Wander89

Avengers: Endgame

60 posts in this topic

 
 
 
3 hours ago, Karger said:

But he is actually.  He is not killing large segments of the population because he expects any reward he is trying to save the universe.

Um... I disagree. :)

as I think someone mentioned above, Thanos really wants to be worshipped. Maybe he uses the 'save the universe' thing as an excuse, but in the end, he wants the gratitude.

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While Thanos is on the mind, I rewatched Infinity War recently (Thank You Netflix!) and I noticed some definite Stockholm Syndrome going on between Thanos and his 'daughters' 

Anyone else see it like that?

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4 hours ago, Karger said:

But he is actually.  He is not killing large segments of the population because he expects any reward he is trying to save the universe.  He genuinely cares for and respects life and he hates Nebula because she keeps letting him down.  He also has compassion for Wanda at seeing her grief and as to killing Vision.  Vision was dead.  Not bringing him back to life is Thanos's version of humility.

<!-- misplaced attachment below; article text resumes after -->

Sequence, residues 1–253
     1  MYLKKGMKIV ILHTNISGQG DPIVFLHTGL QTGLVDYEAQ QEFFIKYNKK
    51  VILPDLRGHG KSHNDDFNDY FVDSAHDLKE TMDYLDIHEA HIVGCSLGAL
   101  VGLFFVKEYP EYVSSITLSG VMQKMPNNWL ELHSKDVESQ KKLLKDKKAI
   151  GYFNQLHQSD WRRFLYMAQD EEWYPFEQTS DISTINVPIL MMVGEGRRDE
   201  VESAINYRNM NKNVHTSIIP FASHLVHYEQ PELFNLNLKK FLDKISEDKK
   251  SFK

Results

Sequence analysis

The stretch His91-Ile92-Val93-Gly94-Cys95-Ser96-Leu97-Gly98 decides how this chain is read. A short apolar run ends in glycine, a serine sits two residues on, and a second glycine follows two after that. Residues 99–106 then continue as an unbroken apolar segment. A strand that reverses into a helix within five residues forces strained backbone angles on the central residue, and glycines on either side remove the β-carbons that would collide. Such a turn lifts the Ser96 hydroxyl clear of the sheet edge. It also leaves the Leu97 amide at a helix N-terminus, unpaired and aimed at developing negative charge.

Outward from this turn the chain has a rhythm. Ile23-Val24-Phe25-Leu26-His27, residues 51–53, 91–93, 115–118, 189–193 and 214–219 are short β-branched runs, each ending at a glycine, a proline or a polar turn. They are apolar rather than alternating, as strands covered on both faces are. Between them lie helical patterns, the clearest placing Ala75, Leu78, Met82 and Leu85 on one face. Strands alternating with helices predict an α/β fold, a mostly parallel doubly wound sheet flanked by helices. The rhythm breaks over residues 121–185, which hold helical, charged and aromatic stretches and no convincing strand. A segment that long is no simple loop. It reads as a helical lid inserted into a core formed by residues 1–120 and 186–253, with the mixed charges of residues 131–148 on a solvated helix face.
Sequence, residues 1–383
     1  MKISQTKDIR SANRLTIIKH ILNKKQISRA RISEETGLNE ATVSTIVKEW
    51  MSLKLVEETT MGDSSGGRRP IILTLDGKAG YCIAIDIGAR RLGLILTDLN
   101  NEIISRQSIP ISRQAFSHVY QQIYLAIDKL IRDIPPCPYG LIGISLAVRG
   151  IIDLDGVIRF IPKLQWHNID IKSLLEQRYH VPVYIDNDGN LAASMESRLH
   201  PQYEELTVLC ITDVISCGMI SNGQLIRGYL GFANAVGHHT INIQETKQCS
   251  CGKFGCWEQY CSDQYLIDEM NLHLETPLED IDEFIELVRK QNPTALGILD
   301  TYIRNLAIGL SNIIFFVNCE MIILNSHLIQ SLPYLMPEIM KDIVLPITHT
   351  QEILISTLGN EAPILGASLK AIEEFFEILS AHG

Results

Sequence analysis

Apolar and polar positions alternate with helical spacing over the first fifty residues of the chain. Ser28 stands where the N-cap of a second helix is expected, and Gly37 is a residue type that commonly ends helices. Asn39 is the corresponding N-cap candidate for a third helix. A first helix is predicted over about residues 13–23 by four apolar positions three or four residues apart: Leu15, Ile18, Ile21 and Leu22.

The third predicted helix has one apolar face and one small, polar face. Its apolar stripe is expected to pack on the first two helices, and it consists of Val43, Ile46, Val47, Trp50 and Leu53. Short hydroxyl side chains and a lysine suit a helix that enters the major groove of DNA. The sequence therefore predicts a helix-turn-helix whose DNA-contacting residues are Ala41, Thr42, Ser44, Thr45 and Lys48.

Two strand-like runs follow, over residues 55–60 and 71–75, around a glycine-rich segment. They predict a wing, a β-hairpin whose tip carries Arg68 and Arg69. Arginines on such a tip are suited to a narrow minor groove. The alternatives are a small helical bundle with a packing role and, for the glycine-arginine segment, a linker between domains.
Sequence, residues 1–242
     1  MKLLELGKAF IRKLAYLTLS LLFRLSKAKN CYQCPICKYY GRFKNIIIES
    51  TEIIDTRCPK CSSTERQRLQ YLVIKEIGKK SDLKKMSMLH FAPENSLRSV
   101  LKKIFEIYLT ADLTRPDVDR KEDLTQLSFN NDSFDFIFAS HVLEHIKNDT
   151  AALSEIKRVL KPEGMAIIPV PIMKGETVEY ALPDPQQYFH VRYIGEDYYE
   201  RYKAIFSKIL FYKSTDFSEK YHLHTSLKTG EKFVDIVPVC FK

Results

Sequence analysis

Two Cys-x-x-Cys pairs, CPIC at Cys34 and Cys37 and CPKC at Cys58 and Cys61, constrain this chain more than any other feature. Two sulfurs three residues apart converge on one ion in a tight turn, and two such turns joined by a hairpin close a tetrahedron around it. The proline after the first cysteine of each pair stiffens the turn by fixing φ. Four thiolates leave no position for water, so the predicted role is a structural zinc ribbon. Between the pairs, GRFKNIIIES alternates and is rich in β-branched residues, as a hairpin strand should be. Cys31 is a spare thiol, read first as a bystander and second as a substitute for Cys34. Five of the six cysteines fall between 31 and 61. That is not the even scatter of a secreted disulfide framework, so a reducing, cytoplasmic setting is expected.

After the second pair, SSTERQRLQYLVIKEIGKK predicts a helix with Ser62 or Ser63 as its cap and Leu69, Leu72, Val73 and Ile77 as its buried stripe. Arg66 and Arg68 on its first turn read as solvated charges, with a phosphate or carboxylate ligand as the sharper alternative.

"And then what?"

"I finally rest, and watch the sun rise on a grateful universe." 

It was always there, even in Infinity War. If he cared for life he might have thought about protecting it in a different way than mass murder. You have the power over life and death on that level? Maybe try changing how life works instead of murdering untold trillions. 

His hatred of Nebula goes against any good point he had. Remember, any time she lost to Gamora he would rip out a biological part of hers and replace it. And Gamora NEVER lost. Just because someone is a disappointment doesn't mean you should stop loving them, especially if you call them "daughter." But that's the irony of the situation, isn't it? His love is situational, and he is anything BUT a father.